Black Press File Photo Bird’s like this ruby-crowned kinglet have been found during the Christmas Bird Count in other areas.

Spotters needed for annual bird count

Annual Christmas Bird Count being held Jan. 3.

  • Dec. 21, 2017 4:00 p.m.

The Christmas Bird Count (CBC) was started in 1900 by Frank Chapman, ornithologist and an officer of the then new Audubon Society. The count originated as a protest against a practice called the Christmas side hunt. It was a “side” hunt because folks would gather, and individually or as a group, see who could shoot the widest variety of wildlife, furred or feathered, at Christmas.

During this period many observers and scientists were becoming concerned about declining bird populations and the CBC provided an alternative activity which reduced the annual slaughter. Fortunately, the signing of the Lacey Act in 1900 and the Migratory Bird Treaty in 1918 ended the “side” hunt.

Currently, habitat loss, mostly from various human activities, greatly contributes to declining bird numbers. Studies by the World Conservation Union and the Stanford Center for Conservation Biology predict that in the next 100 years, 10 per cent to 25 per cent of all bird species will become extinct. For the latest information on the State of Birds, visit: http://www.stateofthebirds.org/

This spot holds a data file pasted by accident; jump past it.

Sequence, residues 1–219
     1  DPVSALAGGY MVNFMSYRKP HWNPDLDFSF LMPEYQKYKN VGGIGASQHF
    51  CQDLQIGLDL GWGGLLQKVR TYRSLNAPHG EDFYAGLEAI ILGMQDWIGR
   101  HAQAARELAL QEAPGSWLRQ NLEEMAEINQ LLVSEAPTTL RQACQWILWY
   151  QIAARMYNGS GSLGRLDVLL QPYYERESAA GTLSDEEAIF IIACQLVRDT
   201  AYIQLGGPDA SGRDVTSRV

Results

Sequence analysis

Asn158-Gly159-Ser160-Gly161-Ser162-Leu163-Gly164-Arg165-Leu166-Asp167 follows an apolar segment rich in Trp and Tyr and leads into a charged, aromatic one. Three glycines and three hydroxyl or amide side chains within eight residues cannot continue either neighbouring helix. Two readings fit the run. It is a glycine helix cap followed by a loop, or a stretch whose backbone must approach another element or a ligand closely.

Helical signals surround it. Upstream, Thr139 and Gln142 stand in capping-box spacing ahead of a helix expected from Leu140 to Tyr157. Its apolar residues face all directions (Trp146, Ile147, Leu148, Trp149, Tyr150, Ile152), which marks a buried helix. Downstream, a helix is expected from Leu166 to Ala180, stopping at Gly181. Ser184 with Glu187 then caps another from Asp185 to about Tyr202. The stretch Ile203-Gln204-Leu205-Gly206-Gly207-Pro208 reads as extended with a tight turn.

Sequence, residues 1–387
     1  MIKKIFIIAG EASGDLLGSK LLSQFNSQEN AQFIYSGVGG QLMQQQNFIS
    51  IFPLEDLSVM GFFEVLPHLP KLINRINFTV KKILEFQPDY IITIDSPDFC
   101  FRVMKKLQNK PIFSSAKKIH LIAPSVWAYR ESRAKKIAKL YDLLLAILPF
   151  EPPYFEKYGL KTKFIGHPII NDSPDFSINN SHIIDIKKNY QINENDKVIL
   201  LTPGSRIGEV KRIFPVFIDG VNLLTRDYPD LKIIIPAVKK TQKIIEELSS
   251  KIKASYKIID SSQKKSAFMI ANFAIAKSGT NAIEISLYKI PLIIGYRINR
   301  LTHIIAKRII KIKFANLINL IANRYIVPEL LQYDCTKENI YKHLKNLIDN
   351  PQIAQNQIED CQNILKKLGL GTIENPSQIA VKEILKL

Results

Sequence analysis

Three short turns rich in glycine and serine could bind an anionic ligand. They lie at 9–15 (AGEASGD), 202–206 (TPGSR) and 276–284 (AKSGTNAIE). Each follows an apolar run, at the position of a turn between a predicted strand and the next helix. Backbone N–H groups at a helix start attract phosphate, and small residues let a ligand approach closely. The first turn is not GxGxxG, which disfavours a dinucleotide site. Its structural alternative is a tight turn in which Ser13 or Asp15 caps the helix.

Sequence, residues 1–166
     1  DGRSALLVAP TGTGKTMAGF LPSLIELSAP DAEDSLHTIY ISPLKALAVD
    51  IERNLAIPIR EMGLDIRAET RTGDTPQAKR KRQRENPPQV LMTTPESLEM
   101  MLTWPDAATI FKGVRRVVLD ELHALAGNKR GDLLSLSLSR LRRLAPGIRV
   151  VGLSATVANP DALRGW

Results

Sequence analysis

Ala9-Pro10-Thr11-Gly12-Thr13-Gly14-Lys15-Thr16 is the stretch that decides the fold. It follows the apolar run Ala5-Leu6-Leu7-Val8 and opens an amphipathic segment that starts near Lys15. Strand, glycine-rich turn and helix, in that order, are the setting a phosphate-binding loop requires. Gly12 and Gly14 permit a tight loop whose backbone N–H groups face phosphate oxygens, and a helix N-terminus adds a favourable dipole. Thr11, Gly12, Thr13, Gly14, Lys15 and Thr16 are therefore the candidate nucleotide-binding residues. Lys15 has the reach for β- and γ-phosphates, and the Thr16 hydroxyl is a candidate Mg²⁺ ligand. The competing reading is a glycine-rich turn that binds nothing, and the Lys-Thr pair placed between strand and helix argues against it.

Birds are important to the nature of things; being parents of voracious eaters who require vast quantities of insects, weed seeds or rodents, a healthy bird population helps control many pest species. Yes, sometimes they eat a bit of fruit too, but this is mitigated by their beneficial habits.

If you are interested in birds join us on January 3 we need ‘spotters’, eyes to scan the landscape bringing birds to our attention. Inexperienced people will be paired with experienced birders who are willing to share their knowledge. Participants are assigned a route, counting and recording the birds they see or hear. This is an excellent opportunity to learn to better identify birds, get outside on a winter day, and enjoy the beautiful Similkameen while contributing important information to the study of bird populations.

Local CBC’s occur around Princeton, Hedley/Apex, Penticton, Vaseux Lake, Oliver-Osoyoos, Bridesville, and in many other communities throughout North America. The day’s sightings are submitted to Bird Studies Canada and becomes important information in tracking the status of birds across the continent and around the world.

Upon completion we gather, enjoy a pot luck supper, share interesting happenings and report our count. We meet at the home of Bob and Marilyn Bergen, 2289 Agar Road, Cawston at 8 a.m. Your contribution to the pot luck can be left here.

More information: Call Lee McFadyen at 250-499-5404 or email: mariposaorgf@hotmail.com.

For more information on Bird Studies Canada visit: www.bsc-eoc.org/

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